Natacha Hogan and Markus Brinkmann study the human impacts on water quality and fish health at USask’s Aquatic Toxicology Research Facility.
Natacha Hogan and Markus Brinkmann study the human impacts on water quality and fish health at USask’s Aquatic Toxicology Research Facility. (Photo: USask)

The toxin detectives at the University of Saskatchewan

When coho salmon in the Pacific Northwest came floating downstream belly up after waiting for rainfall that would enable them to swim to their spawning grounds, scientists were puzzled. The cause for this mass mortality event was not immediately obvious – and the resulting uncertainty hampered mitigation efforts.

By Western Schools Report via Globe and Mail

Similar to a good detective story, a decade-long search for answers started with casting a wide net for potential suspects – and ended with the positive ID of the culprit: a chemical called 6PPD, says Dr. Markus Brinkmann (PhD), associate professor in the School of Environment and Sustainability and director of the Toxicology Centre at the University of Saskatchewan (USask), whose team examined the toxicological workings and impacts of 6PPD.

Aiding the investigation was a process called high-resolution mass spectrometry, which enables scientists to look at the entire lineup of chemicals present in a particular environment. “Using a set of chemical tools allows us to study complex samples and mixtures and identify the chemicals responsible for specific events,” says Dr. Brinkmann. “In this case, 6PPD, which is used in tires to protect them from becoming brittle, was shed on the road and became oxidized to form 6PPD-quinone.”

When this compound enters waterways as roadway runoff, it is “super toxic to salmon,” he says. “It’s one of the most toxic chemicals known to kill salmon in the nanogram-per-litre range. Just picture throwing a couple grains of salt into an Olympic-sized pool.”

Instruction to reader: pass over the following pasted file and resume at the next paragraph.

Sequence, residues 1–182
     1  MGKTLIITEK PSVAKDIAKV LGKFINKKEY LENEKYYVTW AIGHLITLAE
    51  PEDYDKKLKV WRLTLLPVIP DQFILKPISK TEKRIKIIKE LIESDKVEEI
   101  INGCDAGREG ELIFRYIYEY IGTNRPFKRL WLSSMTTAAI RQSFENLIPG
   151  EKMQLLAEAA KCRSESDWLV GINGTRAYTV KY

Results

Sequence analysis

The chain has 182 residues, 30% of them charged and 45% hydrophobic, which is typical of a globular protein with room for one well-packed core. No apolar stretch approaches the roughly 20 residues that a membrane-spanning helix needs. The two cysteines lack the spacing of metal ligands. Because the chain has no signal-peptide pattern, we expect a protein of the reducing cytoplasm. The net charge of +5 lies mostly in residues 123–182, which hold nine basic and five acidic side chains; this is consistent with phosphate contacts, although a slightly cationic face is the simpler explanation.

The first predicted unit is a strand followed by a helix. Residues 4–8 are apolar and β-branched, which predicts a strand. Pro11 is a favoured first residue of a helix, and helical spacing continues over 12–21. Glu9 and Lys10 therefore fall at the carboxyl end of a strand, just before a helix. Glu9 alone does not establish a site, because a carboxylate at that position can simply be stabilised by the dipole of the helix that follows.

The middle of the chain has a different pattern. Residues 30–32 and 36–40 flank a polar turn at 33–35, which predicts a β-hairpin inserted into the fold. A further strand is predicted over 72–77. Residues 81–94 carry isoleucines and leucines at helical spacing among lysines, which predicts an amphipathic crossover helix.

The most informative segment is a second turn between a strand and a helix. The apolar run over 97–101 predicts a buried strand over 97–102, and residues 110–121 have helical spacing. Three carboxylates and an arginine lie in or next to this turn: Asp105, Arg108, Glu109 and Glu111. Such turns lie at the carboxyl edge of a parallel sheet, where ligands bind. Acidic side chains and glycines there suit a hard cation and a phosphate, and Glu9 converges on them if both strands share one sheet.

While these findings were “eye-opening for everyone,” the detective work was far from done, as stakeholders needed to understand why the molecule was so toxic – and whether it affected other fish species as well, Dr. Brinkmann says. “Through follow-up studies, our group determined that other common test species, such as rainbow trout and brook trout, are also strongly affected. However, other species, including white sturgeon, fathead minnows and white suckers, didn’t show any sensitivity to this chemical, which is really puzzling.”

Toxicology research at USask includes a unique blend of methods ranging from molecular and chemical analyses to studies on how organisms respond to chemical exposure on a cellular level. This is complemented by going into the field to look at populations of fish and other aquatic animals – as well as identifying the pathways by which chemicals enter aquatic systems, for example, through municipal or industrial wastewater.

“We’re interested in human impacts on water systems,” says Dr. Natacha Hogan (PhD), associate professor in the Department of Animal and Poultry Science at USask’s College of Agriculture and Bioresources and a member of the Toxicology Centre. “We look at what is put into our water systems – either intentionally or inadvertently – and how this affects the dynamics in freshwater systems, including fish health.”

Natacha Hogan and Markus Brinkmann study the human impacts on water quality and fish health at USask’s Aquatic Toxicology Research Facility.
An impressive range of world-class research infrastructure at the University of Saskatchewan (USask) enables insights that support community health and well-being. (Photo: USask)

End-of-pipe effluent coming from industry or households often represents “a complex mix that could contain pharmaceuticals, chemicals from personal care products, cleaning agents, detergents and other compounds, plus roadway runoff like road salts and pesticides,” says Dr. Hogan. “Mixture toxicity is often highly complex. You need to become a detective to identify what groups or chemicals cause toxicity so you can devise treatments or measures for reducing this toxicity.”